I did a pre-show lament about the MDA no-longer-Jerry-Lewis Telethon yesterday on my other page, www.scribblers.us. Having watched as much as I could stand of last night’s Lewis-starved broadcast, I realized that an even greater loss can be registered.
The Jerry Lewis Telethon was the last bastion of a certain type of TV variety show which was wholly dependent on the mystique of live performance. The odd intros, the use of a large stage and a live audience, and especially the bookings were a welcome throwback to the Ed Sullivan Show, and to vaudeville before that. The show’s bookings leant towards performers with live stage experience: improv comics, stand-ups, ventriloquists, the casts of Broadway shows. Even the bands—country acts, Cheap Trick, Beatles tributes—were generally those who’d built up their reputations as concert attractions.
That wasn’t evident last night. The cameras came in so tight on the hosts that they might as well have been in a closed studio. The intros were perfunctory. Many of the music acts were reliant on backing studio tracks and may even have been lip synching. The old Lewis shows let acts roam free on the vast stage. Last night the performers were reined in.
So losing Jerry Lewis wasn’t all. And that was more than enough to lose. A manic marathon performer long before he entered the telethon game, when Lewis was still a double act with Dean Martin they’d do dozens of live sets a week. When the team broke up, Lewis became a breakneck filmmaker, filming his directorial debut The Bellboy in under a month at a hotel in Florida—while performing in the hotel’s nightclub every night! He was a high artist of the longform entertainment spectacle, whether as host of the 1959 Academy Awards telecast (for which Lewis had to vamp and vamp when the show ran short), in his jam-packed theater tours (just him and a big band) or in his decades as chairman and MC of the MDA show.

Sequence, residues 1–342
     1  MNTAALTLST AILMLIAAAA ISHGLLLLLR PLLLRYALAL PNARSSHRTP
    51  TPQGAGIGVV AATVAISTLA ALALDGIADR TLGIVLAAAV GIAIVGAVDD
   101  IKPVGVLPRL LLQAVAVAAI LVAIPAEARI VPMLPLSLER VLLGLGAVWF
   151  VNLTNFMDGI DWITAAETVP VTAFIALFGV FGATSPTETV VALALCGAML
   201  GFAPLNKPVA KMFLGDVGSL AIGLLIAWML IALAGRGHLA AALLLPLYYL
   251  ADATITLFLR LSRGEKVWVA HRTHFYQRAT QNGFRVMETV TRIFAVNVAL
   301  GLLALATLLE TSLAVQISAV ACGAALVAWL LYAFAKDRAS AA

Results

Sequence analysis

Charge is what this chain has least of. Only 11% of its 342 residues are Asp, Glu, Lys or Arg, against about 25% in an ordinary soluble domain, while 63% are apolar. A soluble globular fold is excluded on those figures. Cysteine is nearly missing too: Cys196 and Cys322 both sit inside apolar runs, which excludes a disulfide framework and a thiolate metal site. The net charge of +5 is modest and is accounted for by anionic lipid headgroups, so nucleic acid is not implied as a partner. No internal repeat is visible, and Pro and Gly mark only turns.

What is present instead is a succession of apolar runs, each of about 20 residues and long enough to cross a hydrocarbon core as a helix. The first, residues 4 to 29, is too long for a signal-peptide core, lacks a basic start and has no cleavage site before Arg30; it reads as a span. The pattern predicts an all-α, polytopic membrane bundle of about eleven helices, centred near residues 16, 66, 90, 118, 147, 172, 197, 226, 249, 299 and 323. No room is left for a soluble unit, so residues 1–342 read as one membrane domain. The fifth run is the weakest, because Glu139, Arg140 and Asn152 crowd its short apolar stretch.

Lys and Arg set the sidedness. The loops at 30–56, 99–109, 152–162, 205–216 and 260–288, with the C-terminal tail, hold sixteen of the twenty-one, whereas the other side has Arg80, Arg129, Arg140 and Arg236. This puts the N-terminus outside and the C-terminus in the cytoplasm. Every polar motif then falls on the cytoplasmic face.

Outside of all-night strip clubs or the occasional Eugene O’Neill revival, there are simply no breeding grounds today which build that sort of entertainment stamina. And even when there were, Jerry Lewis stood out as one of the world’s best marathon funnymen.
Frequent shout-outs to the eminent Mr. Lewis, plus a video-clip finale in his honor, only demonstrated the vacuum now at the core of the MDA Telethon. Shortening the show from 20-plus hours was meaningless; it was boring from the get-go, too tightly composed and too earnest to be entertaining.
Nigel Lithgoe made much of having been “passed the torch” by being allowed to sit in Lewis’ chair when Lithgoe co-hosted the overnight shift at last year’s ‘thon. I remember Lithgoe making a big deal of it when it happened last year as well; was he being quietly groomed back then? Probably not—the chair was used by plenty of others, including Norm Crosby. ‘Twas not a throne.
MDA apparently raised a couple million more dollars than it did last year. But since much of that tally was simply acknowledging dollars which had been stuffed in boots and pledged on bits of supermarket cardboard for the entire year since last year’s telethon, that total is hardly a moratorium on Lewis’ service. It could be years before his absence is felt monetarily. Not so the broadcast, however—where were the jokes? The surprises? The bizarre intros and mispronunciations? The sycophantic check-handers, awed to be in Lewis’ presence? Without him on hand, watching the telethon was like watching Damn Yankees without the Devil, or a college without the Nutty Professor. Perhaps they had good cause to replace him (we still don’t know why he left), but they didn’t replace him; they just reenlisted his former sidekicks and sub-hosts.
Life-threatening illness has never been the main attraction. If they could just run that phone number and expect you to call in, they’d do it. There are a slew of reasons, whether selfless or self-serving, to do a telethon.
I direct you to this parody of a children’s primer, from the very first issue of Paul Krassner’s Realist magazine. It holds up just as well as Lewis did all those years.